Time to 'pick up the pace' on housing issues
The Government has found significant problems in Christchurch's earthquake-pressured housing market and says both it and the private sector need to "pick up the pace" to help the city's recovery.
"Above average" rent increases, high demand and a shortage of properties were among the housing woes identified in a Ministry of Business, Innovation and Employment (MBIE) report released yesterday.
The Labour Party and the Tenants Protection Association (TPA) say the report confirms what they already knew, but Housing Minister Nick Smith said it would help the Government "tailor our response".
He said the region's housing situation was "one of the most challenging areas in the wake of the earthquakes".
The situation was "a challenge, not a crisis", he said, but the Government and the private sector needed to "pick up the pace".
"There's more demand than there is supply ... Rental prices are going up and it's a pressured market," he said.
City councillor Glenn Livingstone said he was ''fed up with ministers continually reframing and minimising the housing crisis facing Christchurch''.
"They cannot bear to bring themselves to admit that there is a housing crisis, despite the overwhelming evidence,'' he said.
"If the Housing Minister, the Hon Nick Smith, is now describing Christchurch's current housing situation as a 'challenge', then what would a crisis look like?"
Livingstone said evidence of the crisis was outlined in the MBIE's report, much of which was covered in the 2012 Christchurch housing summits he initiated.
"We heard from housing stakeholders last May and June what we are hearing from MBIE now, nearly a year later, namely that there is a rental squeeze, that there is a housing affordability crisis and that many have been and are living in substandard housing conditions."
He said dimensions of the crisis could be seen in the cost of housing, the 31 per cent increase in the average weekly rent since August 2010, a lack of social housing and the capacity of unresolved insurance claims.
He said the council was aware of people living in cars, with 27 being counted in the New Brighton Beach car park recently.
"I would say to the minister that the housing situation in Christchurch is not a challenge to monitor, that in fact it is a crisis - the water is now pouring through the roof," he said.
The MBIE report found rent prices have risen more sharply than house prices and at a faster rate than in other New Zealand regions, including Auckland.
In February this year, the average weekly rent was $384, which is a 31 per cent increase on the pre-quake month of August 2010, when the average was $293.
Suburbs such as St Albans, Papanui and Merivale have seen rent increases of 39 per cent.
Rent prices in Bishopdale and Burnside have risen 32 per cent.
Rental inflation in northeast and eastern suburbs was below the Christchurch average but both areas still had "significant increases" of 22 per cent, the report found.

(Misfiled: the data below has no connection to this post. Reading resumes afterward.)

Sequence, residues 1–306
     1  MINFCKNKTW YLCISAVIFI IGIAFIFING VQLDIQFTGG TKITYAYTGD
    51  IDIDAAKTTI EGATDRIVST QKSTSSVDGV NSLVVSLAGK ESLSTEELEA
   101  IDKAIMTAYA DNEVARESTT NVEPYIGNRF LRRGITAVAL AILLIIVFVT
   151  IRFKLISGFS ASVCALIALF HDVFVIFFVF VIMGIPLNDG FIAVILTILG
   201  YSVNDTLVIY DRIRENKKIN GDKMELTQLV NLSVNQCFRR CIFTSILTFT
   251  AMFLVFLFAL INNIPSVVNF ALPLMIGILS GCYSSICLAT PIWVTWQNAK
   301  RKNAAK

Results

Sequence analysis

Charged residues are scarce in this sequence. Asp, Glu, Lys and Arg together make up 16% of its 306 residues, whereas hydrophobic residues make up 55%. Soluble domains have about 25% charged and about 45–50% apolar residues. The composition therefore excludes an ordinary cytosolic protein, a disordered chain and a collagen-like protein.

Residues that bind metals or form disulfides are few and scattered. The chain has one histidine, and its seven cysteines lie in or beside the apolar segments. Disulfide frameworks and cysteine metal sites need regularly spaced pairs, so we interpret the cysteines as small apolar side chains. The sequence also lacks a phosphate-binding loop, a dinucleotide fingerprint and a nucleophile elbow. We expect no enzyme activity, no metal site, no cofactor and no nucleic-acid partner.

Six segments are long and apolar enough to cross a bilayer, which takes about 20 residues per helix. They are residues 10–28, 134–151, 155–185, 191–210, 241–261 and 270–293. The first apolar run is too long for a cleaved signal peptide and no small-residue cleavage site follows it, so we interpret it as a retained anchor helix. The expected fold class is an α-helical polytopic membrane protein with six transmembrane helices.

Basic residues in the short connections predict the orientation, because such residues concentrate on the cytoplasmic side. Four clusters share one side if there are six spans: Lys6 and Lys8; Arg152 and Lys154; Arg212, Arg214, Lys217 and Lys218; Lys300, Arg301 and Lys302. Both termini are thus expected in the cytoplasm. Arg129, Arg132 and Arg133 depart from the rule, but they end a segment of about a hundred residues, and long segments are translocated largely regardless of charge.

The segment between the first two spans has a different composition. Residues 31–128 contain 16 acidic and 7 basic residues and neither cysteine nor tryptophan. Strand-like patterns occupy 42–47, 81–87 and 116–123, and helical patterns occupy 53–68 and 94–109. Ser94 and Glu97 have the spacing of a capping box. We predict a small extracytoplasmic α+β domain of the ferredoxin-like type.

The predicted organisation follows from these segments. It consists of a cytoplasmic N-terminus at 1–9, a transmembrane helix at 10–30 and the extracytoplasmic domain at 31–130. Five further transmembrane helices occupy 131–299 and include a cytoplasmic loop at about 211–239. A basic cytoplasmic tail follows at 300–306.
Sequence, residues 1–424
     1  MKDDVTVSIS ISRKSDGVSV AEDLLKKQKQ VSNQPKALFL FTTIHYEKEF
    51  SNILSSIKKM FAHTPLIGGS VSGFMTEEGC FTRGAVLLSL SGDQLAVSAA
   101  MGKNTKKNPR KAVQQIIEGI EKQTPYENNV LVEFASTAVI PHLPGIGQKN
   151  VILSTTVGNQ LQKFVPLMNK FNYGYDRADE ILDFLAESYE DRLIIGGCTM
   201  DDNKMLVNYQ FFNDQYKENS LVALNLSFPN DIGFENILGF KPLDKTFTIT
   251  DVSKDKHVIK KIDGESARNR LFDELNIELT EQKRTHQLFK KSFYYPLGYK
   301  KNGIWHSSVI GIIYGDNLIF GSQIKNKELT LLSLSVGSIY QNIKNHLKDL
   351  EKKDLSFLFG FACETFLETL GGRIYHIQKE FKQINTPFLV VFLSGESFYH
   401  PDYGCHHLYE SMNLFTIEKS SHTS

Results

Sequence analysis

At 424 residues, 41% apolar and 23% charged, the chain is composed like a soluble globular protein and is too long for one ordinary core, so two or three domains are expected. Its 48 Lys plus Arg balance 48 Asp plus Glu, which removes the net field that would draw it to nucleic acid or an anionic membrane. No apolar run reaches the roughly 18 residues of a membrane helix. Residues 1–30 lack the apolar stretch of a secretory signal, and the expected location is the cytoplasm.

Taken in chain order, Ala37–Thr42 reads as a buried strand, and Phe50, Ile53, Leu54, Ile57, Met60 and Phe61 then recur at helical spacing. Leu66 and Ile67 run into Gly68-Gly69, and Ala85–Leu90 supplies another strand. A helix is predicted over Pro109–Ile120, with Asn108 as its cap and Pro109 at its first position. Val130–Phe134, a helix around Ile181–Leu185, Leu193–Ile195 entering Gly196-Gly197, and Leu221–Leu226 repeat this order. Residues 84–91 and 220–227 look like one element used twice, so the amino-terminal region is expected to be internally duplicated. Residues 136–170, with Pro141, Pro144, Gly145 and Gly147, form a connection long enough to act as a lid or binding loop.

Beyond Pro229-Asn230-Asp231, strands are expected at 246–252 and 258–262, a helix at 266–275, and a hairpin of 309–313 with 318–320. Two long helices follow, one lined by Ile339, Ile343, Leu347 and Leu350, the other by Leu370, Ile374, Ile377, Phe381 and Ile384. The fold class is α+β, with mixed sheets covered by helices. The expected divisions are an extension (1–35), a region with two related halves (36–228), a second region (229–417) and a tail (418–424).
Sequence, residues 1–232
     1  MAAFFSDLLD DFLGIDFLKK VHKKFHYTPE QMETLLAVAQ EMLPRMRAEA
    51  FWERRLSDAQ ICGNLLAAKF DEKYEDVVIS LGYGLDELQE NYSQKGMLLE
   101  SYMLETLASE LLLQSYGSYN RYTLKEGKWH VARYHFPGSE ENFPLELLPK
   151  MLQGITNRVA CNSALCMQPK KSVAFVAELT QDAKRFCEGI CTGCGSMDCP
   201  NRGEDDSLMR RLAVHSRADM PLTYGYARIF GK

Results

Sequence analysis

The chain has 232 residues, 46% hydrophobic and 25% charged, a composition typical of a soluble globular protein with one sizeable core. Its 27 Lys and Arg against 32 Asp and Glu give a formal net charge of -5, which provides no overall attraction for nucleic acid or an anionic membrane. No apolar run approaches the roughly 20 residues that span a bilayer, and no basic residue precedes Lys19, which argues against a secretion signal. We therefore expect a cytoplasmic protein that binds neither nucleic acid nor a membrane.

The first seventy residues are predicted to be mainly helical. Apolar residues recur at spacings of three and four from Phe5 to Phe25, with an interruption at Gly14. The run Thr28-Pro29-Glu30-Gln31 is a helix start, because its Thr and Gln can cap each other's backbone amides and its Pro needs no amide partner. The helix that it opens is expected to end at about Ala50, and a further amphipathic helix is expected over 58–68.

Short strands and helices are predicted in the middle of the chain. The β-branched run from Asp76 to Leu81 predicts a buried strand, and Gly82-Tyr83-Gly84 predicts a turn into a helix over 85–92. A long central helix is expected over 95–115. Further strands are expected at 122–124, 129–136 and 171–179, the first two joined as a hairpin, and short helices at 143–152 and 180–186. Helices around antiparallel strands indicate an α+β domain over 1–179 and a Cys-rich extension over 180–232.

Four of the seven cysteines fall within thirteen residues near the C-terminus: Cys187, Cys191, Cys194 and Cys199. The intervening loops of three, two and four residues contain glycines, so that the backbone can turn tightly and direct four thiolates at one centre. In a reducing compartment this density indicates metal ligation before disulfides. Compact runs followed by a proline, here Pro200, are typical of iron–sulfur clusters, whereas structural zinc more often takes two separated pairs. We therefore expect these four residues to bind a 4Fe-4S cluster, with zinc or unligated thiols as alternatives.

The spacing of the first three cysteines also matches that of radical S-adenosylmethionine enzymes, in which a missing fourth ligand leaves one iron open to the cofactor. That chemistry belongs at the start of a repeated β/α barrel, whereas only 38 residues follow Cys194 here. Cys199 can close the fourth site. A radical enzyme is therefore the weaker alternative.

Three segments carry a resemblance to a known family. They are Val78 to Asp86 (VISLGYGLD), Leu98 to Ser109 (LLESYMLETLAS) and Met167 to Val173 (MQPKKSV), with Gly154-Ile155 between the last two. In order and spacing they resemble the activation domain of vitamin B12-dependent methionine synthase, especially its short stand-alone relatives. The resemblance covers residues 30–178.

It also found that the total number of rental bonds lodged with MBIE has fallen from 20,500 in the year to December 2010 to 16,600 in the year to December 2012 - a 19 per cent decrease.
The report shows the number of new bonds lodged in 2012 was the lowest since 1998.
The report identifies three main issues facing Christchurch over the next three years - increase in population, temporary accommodation for Cantabrians and accommodation for incoming rebuild workers.
Smith said the waiting lists for Housing New Zealand and Christchurch City Council units were shorter than before the quakes. The issues were mainly affecting middle-class Cantabrians.
He did not rule out the "possibility of extra Government investment" to ease temporary accommodation and rental shortages.
Labour MP Clayton Cosgrove said the Government could no longer hide from the region's housing problems.
"They've denied it for a long, long time but now their own department is confirming it [with the report], so I think the time has come to do something about it," he said.
The information presented in the report was "totally predictable".
"We've seen examples of people living in Third World conditions and it's not just the traditional lost and lonely types ... We're talking about people who are employed and are really struggling to get ahead," he said.
Helen Gatonyi ,of the TPA, said the report confirmed what "social agencies have known for a long time".
"The Government talks about rebuilds and new builds but those things take time ... The issues we have are present-day and we need changes now," she said.
The report did not provide any detail about the number of people living without housing security.
"It's those people who we're most worried about," she said.
The main findings of the Government's report on the Christchurch housing situation:
- The region's total housing stock has been reduced by a net 11,500, or 6.2 per cent.
- In December last year, the estimated number of rental vacancies was at an eight-year low.
- The average price of Christchurch houses rose 7.5 per cent between February 2012 and February 2013.
- The average rent is 31 per cent higher than in August 2010.
- Suburbs in the north and northwest of the city have experienced "above average" rent increases.
- There has been a significant decline in the amount of available rentals costing less than $300 a week.
- More than 8000 new houses will be needed in the next four years to keep up with population growth.